August 23, 2004 |
The popular image of the Olympics is one of deafening crowds, cheering their athletes to victory. But this month, after a lifetime of training, squads of archers, fencers, gymnasts, weight lifters, swimmers and pole vaulters have flocked to Athens only to find -- well -- not very many fans. Some people might shrug off the empty seats as simply an unfortunate detail.
August 14, 2004 |
Well, the opening ceremony of the Athens Olympics went off Friday night, on time even, and just as everybody feared, the Olympic Stadium water pipes burst, the infield flooded, a drummer was soaked to his knees, the video board sparked fire, statues kept breaking into pieces and several performers lost parts of clothing in an unfortunate series of wardrobe malfunctions. Oh, wait. According to the official opening ceremony media guide, all that stuff was supposed to happen.
August 24, 2004 |
It was the perfect metaphor for a perfectly awful situation: Paul Hamm, surrounded by boos he had not caused, standing in a limbo where he did not belong. An Olympic gold medal winner being treated as if he did not exist. It happened Monday night when Hamm followed Russian star Alexei Nemov in the individual high bar finals. Thousands of fans, angered at the score given Nemov, and perhaps fueled by the controversy over Hamm's all-around gold medal from last week, booed for 8 1/2 minutes.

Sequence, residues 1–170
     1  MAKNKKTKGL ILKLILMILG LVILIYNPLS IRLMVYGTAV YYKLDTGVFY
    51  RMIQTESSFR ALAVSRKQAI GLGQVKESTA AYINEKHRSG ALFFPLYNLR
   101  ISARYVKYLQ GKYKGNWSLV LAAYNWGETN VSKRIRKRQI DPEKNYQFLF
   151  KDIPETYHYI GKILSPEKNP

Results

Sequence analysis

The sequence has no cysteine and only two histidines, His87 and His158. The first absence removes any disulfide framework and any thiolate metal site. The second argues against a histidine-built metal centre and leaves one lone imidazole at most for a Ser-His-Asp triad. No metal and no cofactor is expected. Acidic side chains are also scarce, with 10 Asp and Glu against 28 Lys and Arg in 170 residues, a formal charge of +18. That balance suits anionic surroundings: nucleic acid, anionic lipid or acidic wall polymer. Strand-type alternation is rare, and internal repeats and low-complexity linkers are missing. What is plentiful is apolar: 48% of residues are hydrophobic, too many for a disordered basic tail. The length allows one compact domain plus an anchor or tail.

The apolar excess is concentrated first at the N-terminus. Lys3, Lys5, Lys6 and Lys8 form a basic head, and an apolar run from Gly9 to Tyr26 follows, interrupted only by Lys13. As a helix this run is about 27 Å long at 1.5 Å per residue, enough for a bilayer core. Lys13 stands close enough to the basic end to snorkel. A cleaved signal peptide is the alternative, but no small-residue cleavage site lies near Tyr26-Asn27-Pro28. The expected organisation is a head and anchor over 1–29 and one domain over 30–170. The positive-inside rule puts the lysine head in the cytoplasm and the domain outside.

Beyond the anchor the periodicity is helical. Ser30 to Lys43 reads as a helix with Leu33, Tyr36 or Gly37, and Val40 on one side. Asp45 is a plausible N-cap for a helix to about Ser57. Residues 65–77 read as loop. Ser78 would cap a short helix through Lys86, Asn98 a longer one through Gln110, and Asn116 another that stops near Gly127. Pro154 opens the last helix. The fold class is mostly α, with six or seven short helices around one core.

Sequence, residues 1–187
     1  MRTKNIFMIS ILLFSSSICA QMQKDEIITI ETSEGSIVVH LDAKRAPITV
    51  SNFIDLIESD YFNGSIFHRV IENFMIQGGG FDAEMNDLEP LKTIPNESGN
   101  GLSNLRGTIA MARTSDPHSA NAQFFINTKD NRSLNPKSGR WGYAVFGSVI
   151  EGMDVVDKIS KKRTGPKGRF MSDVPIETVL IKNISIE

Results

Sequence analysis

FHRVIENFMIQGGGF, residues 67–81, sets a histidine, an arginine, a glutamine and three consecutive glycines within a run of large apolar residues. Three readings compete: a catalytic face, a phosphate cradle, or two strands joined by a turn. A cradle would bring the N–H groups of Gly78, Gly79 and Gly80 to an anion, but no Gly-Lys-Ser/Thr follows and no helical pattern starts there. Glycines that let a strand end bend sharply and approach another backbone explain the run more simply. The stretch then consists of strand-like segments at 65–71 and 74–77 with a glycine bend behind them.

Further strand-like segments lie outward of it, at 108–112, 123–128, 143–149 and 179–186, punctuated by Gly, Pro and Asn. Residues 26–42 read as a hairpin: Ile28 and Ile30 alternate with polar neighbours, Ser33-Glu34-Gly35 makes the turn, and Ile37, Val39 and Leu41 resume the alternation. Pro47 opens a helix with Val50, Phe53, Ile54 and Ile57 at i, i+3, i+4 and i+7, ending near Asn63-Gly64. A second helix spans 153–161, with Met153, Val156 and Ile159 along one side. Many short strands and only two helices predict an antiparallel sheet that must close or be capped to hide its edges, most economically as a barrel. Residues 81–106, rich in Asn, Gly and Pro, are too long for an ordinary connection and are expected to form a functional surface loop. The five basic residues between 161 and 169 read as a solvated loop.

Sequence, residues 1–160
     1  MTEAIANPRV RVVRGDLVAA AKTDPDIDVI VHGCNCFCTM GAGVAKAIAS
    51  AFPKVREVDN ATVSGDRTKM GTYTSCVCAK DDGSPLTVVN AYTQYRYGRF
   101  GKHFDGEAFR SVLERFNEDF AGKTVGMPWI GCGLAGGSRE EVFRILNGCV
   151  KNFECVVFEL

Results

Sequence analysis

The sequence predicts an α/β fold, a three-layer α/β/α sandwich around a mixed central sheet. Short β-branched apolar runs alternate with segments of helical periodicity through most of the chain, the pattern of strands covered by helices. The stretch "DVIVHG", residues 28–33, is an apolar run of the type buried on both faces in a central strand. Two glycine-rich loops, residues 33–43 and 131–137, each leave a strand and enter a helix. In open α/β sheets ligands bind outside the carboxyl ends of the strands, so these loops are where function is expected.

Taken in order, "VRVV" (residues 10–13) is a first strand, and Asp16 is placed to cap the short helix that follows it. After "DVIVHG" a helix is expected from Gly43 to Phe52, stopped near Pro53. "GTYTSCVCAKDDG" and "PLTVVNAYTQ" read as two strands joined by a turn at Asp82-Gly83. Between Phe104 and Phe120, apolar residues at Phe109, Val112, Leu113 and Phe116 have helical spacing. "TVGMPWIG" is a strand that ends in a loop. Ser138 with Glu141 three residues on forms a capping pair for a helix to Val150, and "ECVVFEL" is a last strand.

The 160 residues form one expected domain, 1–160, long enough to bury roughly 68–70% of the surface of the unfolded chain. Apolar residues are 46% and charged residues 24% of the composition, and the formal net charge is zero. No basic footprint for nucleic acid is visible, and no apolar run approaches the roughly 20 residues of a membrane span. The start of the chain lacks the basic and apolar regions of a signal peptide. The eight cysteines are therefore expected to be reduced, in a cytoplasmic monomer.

August 8, 2004 |
The opening ceremony of the Olympic Games is about national pride, pageantry and anticipation. It's not, however, about athletic competition -- at least not in the eyes of NBC's Bob Costas. "I think my quote in the past was that it's part United Nations gathering and part Thanksgiving Day parade, so why don't they just have Kofi Annan and Mary Hart do it?" Costas says.
February 6, 2001 |
Welcoming the Olympic Games in 2004 back to their ancient birthplace and to the city where they were revived in 1896 has excited and mobilized the Greek nation. Everyone understands the great challenge of this undertaking and what is at stake. However, some have wondered whether Athens is up to the task, citing construction delays and staff changes. Others are openly hostile.
August 13, 2004 |
When the Olympic Games were held for the first time in ancient Greece, athletes competed nude. But the modern Games have been full of fashion moments, from the good (Florence Griffith Joyner's one-legged white lace running suits and 3-inch patriotic nails in Seoul in 1988) to the bad (the U.S. team's cowboy hats at the opening ceremony in Nagano in 1998) to the godawful (the U.S. gymnasts' beauty pageant body glitter in Sydney in 2000).